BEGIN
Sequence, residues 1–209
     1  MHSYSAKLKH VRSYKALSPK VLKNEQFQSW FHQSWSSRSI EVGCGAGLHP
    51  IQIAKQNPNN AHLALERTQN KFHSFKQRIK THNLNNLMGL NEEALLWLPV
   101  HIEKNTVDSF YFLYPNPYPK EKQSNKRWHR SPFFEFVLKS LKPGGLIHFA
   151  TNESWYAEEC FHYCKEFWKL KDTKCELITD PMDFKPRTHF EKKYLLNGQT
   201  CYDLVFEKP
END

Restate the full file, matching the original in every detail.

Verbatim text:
Sequence, residues 1–209
     1  MHSYSAKLKH VRSYKALSPK VLKNEQFQSW FHQSWSSRSI EVGCGAGLHP
    51  IQIAKQNPNN AHLALERTQN KFHSFKQRIK THNLNNLMGL NEEALLWLPV
   101  HIEKNTVDSF YFLYPNPYPK EKQSNKRWHR SPFFEFVLKS LKPGGLIHFA
   151  TNESWYAEEC FHYCKEFWKL KDTKCELITD PMDFKPRTHF EKKYLLNGQT
   201  CYDLVFEKP